"We wanted to stay in the pocket, with Izzy on the fence line," Nicksick told Yahoo Sports. "We had to eliminate his ability to pull counter."

The unpredictability Strickland spoke of is what White has been selling ever since he and his partners closed on the UFC in January 2001 and became its principal owners.

He always gets frustrated when others question a match by saying one fighter has next-to-no chance. Experience has taught him otherwise.

“How f***ing crazy is this game?” White asked rhetorically at the post-fight news conference. “How crazy is this game? [For] 23 years, when I’m looking at the internet and reading all the bulls*** and all these people who think they know about fighting — and I’m not sitting here acting like this is what I thought was going to happen here tonight — but what do I always say? Never judge a fight until it happens. You never know what is going to happen in this bats***, nutty sport.”

Strickland is loud, not shy with his opinions and often outrageous. He took the fight on short notice when Dricus Du Plessis withdrew with what he said was a foot injury, and he expressed confidence 100% of the time when he spoke in public.

Behind the scenes, in his private moments, he had doubts. There are always doubts. The greatest who ever did it have had doubts, so why wouldn’t a guy like Strickland have doubts?

He’d watched Adesanya plenty of times. He knew why there was talk heading into the fight why many were saying Adesanya was closing in on the legendary Anderson Silva as the greatest middleweight in MMA history.

He admitted as much in the Octagon after it was over.

But he also recounted what he said was a weird conversation in the Octagon with Adesanya, who objected before the fight to comments Strickland made about his dog, who had died.

Strickland then said that he'd once killed a dog. He said he wouldn't talk about it because people would get angry at him on social media, but without prompting, he told the story.

He was hiking in the mountains with his dogs when a couple of pit bulls came after them.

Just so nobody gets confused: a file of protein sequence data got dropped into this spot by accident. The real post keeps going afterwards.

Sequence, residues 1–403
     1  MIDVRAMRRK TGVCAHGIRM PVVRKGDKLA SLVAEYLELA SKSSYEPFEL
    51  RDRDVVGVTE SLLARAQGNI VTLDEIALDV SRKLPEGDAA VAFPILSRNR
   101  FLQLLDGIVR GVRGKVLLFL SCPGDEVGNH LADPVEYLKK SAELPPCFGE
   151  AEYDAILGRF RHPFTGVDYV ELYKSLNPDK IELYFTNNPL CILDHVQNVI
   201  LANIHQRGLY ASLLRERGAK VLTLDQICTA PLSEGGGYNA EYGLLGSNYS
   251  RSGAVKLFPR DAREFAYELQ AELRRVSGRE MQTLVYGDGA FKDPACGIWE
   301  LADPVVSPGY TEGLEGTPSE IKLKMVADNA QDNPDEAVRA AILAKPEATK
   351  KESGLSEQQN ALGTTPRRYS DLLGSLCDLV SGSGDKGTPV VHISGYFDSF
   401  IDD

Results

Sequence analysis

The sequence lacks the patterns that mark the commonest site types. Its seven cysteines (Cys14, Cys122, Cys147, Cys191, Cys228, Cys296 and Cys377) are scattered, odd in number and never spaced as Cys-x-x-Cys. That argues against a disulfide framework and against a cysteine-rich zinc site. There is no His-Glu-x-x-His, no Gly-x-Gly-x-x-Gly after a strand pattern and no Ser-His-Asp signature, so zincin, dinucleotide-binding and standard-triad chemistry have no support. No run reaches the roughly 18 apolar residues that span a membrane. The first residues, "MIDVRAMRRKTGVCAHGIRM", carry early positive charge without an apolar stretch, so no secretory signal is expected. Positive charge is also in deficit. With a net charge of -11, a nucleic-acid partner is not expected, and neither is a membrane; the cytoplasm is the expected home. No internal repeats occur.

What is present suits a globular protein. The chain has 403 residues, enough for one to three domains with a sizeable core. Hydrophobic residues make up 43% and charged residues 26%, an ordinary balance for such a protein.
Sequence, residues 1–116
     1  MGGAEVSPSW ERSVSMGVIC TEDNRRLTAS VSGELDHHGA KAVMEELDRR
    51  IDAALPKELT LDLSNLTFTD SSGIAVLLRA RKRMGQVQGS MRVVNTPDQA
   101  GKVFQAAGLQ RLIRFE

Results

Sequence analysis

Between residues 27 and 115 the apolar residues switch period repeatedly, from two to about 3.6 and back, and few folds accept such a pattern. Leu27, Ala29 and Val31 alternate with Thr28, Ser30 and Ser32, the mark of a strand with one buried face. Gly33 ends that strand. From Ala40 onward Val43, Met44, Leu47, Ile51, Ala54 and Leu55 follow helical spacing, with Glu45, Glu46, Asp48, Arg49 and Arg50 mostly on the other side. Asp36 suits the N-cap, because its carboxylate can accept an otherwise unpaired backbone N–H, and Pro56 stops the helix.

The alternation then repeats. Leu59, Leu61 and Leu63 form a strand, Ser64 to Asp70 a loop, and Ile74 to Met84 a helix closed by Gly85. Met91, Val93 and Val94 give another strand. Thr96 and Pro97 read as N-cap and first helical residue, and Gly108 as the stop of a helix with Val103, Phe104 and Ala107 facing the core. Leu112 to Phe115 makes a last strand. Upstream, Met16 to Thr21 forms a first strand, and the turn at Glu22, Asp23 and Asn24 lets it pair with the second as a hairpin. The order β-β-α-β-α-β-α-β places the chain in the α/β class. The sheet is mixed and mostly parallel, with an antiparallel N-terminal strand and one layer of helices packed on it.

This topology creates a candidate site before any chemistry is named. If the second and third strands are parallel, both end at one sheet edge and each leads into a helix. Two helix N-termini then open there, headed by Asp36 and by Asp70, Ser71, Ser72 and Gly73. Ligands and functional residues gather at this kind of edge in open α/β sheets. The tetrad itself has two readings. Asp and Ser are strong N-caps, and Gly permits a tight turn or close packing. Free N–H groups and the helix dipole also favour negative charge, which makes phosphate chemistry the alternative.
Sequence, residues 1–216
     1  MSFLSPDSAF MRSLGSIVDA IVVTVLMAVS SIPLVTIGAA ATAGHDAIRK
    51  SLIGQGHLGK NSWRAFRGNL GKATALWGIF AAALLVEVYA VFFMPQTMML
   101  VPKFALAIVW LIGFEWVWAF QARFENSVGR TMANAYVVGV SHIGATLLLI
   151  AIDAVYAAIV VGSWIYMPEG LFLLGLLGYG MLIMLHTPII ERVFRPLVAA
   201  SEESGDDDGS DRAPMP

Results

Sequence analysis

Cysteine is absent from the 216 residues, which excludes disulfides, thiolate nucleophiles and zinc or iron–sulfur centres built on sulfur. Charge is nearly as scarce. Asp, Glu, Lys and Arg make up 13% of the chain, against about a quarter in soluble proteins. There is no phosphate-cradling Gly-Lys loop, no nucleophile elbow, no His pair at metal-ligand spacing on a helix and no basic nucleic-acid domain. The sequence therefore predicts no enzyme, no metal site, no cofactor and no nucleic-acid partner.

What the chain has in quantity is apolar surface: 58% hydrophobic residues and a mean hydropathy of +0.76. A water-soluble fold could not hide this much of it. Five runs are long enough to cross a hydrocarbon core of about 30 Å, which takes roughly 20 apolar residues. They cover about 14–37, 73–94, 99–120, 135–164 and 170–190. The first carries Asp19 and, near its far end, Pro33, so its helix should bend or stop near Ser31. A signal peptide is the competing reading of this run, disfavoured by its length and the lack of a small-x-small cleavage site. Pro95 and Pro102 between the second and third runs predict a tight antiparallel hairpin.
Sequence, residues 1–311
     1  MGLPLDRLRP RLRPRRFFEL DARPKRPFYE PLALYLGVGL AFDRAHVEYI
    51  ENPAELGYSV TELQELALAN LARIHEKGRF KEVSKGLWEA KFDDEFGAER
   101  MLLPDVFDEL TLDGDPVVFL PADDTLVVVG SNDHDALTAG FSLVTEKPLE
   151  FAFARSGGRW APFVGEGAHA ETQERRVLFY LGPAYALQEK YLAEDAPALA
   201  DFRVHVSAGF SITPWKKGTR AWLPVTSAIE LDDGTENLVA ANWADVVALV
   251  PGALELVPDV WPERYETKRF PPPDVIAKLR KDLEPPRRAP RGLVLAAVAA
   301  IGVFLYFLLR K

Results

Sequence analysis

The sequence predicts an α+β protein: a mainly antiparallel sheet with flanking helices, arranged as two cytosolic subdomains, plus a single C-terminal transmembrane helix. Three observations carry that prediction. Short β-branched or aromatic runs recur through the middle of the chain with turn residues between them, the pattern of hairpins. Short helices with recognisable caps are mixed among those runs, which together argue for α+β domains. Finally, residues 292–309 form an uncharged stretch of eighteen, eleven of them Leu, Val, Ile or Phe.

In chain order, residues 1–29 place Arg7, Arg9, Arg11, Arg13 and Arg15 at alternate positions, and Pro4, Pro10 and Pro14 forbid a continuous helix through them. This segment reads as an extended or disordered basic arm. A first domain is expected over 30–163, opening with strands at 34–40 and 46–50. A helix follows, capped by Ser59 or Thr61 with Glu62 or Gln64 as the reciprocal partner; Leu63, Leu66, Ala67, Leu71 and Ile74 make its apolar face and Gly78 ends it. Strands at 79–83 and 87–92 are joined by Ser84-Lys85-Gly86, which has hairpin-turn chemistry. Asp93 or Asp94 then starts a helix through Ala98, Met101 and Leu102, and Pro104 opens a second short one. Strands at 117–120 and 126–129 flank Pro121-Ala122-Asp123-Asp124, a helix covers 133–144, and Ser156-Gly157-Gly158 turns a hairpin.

"These vicious f***ing pit bulls came running at my dog," Strickland said. "I had a gun so, boom, I f***ing plugged one. ... But it was self-defense, guys."

Adesanya wasn't so cheery or in a joking mood, but he has been through this before. He was 20-0 in 2021 when he chose to move up to light heavyweight and challenge then-champion Jan Blachowicz for that belt. Adesanya lost a close decision. In November, he faced long-time kickboxing rival Alex Pereira at Madison Square Garden in New York, and was knocked out in the final round after carrying the lead into the fifth.

And then, on Saturday, he closed as a -675 favorite and was expected to cruise, but something happened.

He appeared briefly at the post-fight news conference, though he didn’t take questions. He said, “I had a different plan for this, but life throws curveballs at you. Win or lose, I wasn't going to say much anyway but right now I lost tonight to the better man on the night. And I just want to go be with people who care about me, my team, and they’re waiting for me.”

And that was it. He seemed as shocked as anyone about the result.

Strickland reveled in the win, but had no plans to party or be outrageous. He was tired and hungry.

“I just want to get to my room and get something to eat,” he said.

He’ll do so now with a much brighter future, with far better economic outlook. He’s good at self-deprecating humor, and said in answer to one question, “What do you expect? I’m a guy with a GED. I can barely f***ing write. Give me a pen and paper and tell me to write some s*** and I can barely … Come on.”

When it ended, he headed to his room to eat, the same guy in a lot of ways but with a different life forever.

Scoring one of the biggest upsets in UFC history will do that.